Saturday, September 24, 2011

Cocktail Nation 189-BeachComber Trio

On the show this week we talk again to producer and music historian Jeff Chenault who has uncovered some more rare finds for the swank cat, swank advice sport , our look at the world of swank, review with Koop checking out the latest Tony Bennett album, some beat for your ipad and news on Sydney’s first Tiki Bar.


Lucas Vigor-Girl Talk, Night and Day
Martini Kings-Baby Elephant Walk
Beachcomber Trio-Yellow Bird
Jack Costanzo-Taboo
Narco Lounge Combo-The Boom Boom Room
Tiki Cowboys-Feel So Good
James Bond Sextet-You Only Live Twice
Spy Fi-Shot In The Dark
Tony Bennett and Amy Winehouse-Body And Soul
Joey Altruda-Tropical Espionage
Ken Nordine-My Baby
Royal Crown Revue -Besa Mija
Vicki Carr-My Meloncholy Baby
Melody Gardot-Les Etoiles

Thursday, September 22, 2011

Life in the Penthouse-A Roast or a burnt offering


The Charlie Sheen Roast was big ratings winner across the world but the question as to be asked, was it funny,was it clever….well I would have to say no.

After seeing the Roasts that took place back in the sixties I would say that the Charlie Sheen Roast was probably one of the most vulgar, mean and unfunny events I have ever seen.

The constant drug jokes about coke was extremely annoying and not funny unless of course you are a coke fiend, the jokes about taking a knife to a hooker were disturbing and the cavalier attitude to Charlie’s domestic abuse and hospitalization was simply uncomfortable and bizarre.

Maybe I am getting old, but I find it absurd that a man who has lived life to the extreme and has made many poor choices is being celebrated in such a fashion.

Not only was the show a celebration of drug culture but it was also not very relatable for the majority of the population.
Average normal people don’t use Cocaine and if they do it’s not to the same proportion as a guy who earns 25 million a year.

It seems to me that Charlie Sheen and the other Hollywood types that make it into the tabloids on a week by week basis are clearly living in a very different world to the general population, a world where hookers and coke are the norm when it simply isn’t. Sure movie stars have always been held up high and by the general public but I find it hard to believe that anyone would want to hold someone like Charlie Sheen on high when most of the time it seems that he is high.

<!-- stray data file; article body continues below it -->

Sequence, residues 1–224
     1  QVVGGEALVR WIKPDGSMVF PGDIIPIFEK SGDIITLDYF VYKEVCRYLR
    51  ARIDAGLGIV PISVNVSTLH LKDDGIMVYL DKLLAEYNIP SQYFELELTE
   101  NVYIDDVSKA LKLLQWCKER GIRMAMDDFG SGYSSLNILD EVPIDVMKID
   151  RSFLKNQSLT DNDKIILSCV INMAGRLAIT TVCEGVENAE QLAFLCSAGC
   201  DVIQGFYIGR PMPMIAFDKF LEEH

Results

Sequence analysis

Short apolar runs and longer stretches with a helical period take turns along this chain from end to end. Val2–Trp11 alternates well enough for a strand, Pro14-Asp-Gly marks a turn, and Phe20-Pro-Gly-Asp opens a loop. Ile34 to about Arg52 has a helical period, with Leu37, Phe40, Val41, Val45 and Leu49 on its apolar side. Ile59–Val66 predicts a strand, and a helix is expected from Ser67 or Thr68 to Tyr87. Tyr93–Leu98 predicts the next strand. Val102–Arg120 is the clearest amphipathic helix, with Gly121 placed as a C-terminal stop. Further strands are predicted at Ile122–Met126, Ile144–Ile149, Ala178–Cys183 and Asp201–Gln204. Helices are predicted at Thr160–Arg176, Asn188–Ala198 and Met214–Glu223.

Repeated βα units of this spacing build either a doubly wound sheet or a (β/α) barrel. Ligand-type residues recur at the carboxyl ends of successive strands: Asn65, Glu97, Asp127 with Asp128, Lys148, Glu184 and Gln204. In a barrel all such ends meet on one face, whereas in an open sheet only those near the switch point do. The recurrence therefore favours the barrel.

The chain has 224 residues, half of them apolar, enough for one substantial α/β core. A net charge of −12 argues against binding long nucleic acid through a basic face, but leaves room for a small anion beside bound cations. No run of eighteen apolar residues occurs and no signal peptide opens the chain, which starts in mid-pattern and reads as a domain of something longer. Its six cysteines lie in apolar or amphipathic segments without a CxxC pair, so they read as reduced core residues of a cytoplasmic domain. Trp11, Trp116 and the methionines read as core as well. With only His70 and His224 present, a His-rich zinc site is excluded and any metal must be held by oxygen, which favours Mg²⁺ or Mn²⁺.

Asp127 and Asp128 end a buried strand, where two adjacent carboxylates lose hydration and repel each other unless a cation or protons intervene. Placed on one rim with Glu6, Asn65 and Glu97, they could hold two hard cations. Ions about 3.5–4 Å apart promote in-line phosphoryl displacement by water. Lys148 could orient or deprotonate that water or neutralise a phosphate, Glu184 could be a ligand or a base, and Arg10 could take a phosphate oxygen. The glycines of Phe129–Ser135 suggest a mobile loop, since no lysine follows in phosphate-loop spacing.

At the end of the day The Roast was a faint reminder of the Roasts of days gone by, I guess the humour that we once enjoyed is now long gone and a Roast like the Charlie Sheen roasts firmly punchs the nails in the coffin of the traditional roast.

Thursday, September 15, 2011

Cocktail Nation 188-Where is Jerry Sun

On the show this week we talk to a producer and music historian who has uncovered some rare finds for the swank cat, swank advice on people’s perceptions of you , our look at the world of swank, news on the man from uncle rebirth and the death of a Hollywood star.



Joey Altruda-Remembering Jobim
Pink Martini-City Of Night
Jerry Sun-Tiki
Anita O’Day-You’d Be So Nice To Come Home
Narco Lounge Combo-Taboo
Janet  Seidel-Crazy World
James Bond Sextet-Moonraker
Mr Ho’s Orchestrotica-Boulevard Of Broken Dreams
Chris Connor-I’ll Never Be Free
Howard Roberts-Between The Devil And The Deep Blue Sea
Martini Kings-Brief and Breezy
Jack Costanzo-The Peanut Gallery
George Shearing-The Days Of Wine and Roses

Monday, September 12, 2011

Swank Advice-The Swank Traveller